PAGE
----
Barn Swallow (Hirundo rustica)

Common Name (in English) Barn Swallow
(in Chinese) 家燕
Scientific Name (in Latin) Hirundo rustica
Peculiar characteristics / external features: It has steel blue upperparts and a rufous forehead, chin and throat, which are separated from the off-white underparts by a broad dark blue breast band. The outer tail feathers are elongated, giving the distinctive deeply forked “swallow tail”. There is a line of white spots across the outer end of the upper tail.
Distributions: The preferred habitat of the barn swallow is open country with low vegetation, such as pasture, meadows and farmland, preferably with nearby water. The presence of accessible open structures such as barns, stables, or culverts to provide nesting sites, and exposed locations such as wires, roof ridges or bare branches for perching, are also important in the bird’s selection of its breeding range.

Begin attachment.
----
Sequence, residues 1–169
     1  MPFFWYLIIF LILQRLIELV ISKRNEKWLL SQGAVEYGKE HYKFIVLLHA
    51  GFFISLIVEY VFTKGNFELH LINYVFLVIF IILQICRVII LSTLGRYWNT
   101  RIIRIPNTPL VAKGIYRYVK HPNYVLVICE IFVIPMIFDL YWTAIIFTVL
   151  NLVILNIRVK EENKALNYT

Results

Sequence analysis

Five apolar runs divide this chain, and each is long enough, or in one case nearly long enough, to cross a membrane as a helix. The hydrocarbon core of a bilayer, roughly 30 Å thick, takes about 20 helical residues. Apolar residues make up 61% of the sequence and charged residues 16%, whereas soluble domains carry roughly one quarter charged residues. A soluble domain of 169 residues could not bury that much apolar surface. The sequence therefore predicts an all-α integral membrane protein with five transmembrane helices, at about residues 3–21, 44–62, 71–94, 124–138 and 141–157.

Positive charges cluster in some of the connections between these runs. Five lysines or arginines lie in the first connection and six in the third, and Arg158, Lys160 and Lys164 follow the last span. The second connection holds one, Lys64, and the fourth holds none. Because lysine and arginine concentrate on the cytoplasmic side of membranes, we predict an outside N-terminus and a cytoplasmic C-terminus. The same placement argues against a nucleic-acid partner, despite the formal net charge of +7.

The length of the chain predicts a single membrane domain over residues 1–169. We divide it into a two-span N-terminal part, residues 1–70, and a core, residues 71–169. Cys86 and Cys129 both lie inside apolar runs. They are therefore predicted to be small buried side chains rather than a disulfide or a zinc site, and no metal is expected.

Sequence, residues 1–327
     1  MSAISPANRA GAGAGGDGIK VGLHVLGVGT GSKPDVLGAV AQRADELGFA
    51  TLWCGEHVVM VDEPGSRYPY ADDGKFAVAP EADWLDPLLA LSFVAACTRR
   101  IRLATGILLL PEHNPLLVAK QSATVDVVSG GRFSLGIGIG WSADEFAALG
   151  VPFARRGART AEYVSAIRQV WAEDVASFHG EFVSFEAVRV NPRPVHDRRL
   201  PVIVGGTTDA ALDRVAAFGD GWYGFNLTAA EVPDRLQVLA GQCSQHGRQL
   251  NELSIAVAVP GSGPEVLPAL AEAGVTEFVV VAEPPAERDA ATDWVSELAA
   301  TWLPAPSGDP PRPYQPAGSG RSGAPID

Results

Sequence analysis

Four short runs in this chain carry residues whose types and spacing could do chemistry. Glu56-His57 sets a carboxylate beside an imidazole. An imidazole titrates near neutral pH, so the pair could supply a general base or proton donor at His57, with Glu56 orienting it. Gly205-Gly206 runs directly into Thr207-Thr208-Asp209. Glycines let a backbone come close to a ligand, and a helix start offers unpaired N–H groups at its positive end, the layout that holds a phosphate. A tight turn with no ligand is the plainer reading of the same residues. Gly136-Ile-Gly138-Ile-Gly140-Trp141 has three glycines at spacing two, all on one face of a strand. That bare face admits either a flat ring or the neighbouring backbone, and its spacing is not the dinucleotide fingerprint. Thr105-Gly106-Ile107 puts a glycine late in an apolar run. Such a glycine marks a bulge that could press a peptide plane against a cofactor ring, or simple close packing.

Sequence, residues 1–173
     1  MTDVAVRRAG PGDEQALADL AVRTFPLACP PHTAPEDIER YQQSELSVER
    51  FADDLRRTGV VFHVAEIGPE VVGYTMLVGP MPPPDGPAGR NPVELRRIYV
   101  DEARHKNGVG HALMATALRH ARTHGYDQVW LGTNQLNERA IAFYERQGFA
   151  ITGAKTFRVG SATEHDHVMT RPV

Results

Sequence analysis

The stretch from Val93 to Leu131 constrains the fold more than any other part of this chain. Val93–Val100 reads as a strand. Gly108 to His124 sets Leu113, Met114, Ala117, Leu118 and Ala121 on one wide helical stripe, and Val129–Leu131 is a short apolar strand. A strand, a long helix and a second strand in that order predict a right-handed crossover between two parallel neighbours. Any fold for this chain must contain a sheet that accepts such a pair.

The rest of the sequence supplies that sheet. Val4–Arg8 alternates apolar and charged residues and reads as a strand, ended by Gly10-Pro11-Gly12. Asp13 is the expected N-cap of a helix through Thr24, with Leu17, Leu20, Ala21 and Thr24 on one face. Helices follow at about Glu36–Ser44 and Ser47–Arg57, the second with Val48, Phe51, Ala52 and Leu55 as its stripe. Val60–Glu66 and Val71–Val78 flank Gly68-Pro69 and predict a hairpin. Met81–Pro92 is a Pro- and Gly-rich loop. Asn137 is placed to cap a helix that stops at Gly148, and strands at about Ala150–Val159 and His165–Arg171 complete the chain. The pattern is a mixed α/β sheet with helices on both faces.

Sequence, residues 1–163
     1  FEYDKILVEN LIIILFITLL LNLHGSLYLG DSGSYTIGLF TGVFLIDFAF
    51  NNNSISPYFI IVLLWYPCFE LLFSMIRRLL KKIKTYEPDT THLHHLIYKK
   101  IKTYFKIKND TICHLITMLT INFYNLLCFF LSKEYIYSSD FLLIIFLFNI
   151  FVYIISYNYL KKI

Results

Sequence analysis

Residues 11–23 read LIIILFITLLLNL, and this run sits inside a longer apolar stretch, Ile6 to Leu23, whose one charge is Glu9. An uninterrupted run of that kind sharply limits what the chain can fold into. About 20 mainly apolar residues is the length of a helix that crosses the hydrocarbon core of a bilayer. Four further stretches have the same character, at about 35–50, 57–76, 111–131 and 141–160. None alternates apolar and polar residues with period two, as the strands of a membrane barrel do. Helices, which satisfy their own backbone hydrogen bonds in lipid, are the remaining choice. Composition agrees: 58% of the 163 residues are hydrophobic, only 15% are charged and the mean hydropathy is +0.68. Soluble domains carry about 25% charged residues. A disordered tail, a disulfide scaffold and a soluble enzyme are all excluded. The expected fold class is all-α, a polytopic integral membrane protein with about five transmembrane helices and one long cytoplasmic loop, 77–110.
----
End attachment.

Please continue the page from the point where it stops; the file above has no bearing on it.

Dietary Barn swallows are insectivores. Flies, grasshoppers, crickets, dragonflies, beetles, moths and other flying insects make up 99 % of their diet
Reproductive (Solitary/Social/Territorial, Courtship Behavior, Taking care of youngs, etc) Barn swallows are socially monogamous (one male mates and raises chicks with one female). However, barn swallows often copulate with other swallows that are not their mate. Therefore, they are probably actually polygamous. Barn swallows form breeding pairs each spring after they arrive on the breeding grounds. They form new pairs each spring, though the same two birds may nest together for several years.
Whatever appropriate
Interesting Fact: Adults that don’t have a mate sometimes join breeding pairs, and help them to build a nest, defend the nest, incubate the eggs and brood the chicks. These “helpers” are usually male. They may mate with the female of the nest.




Voice of Barn Swallow: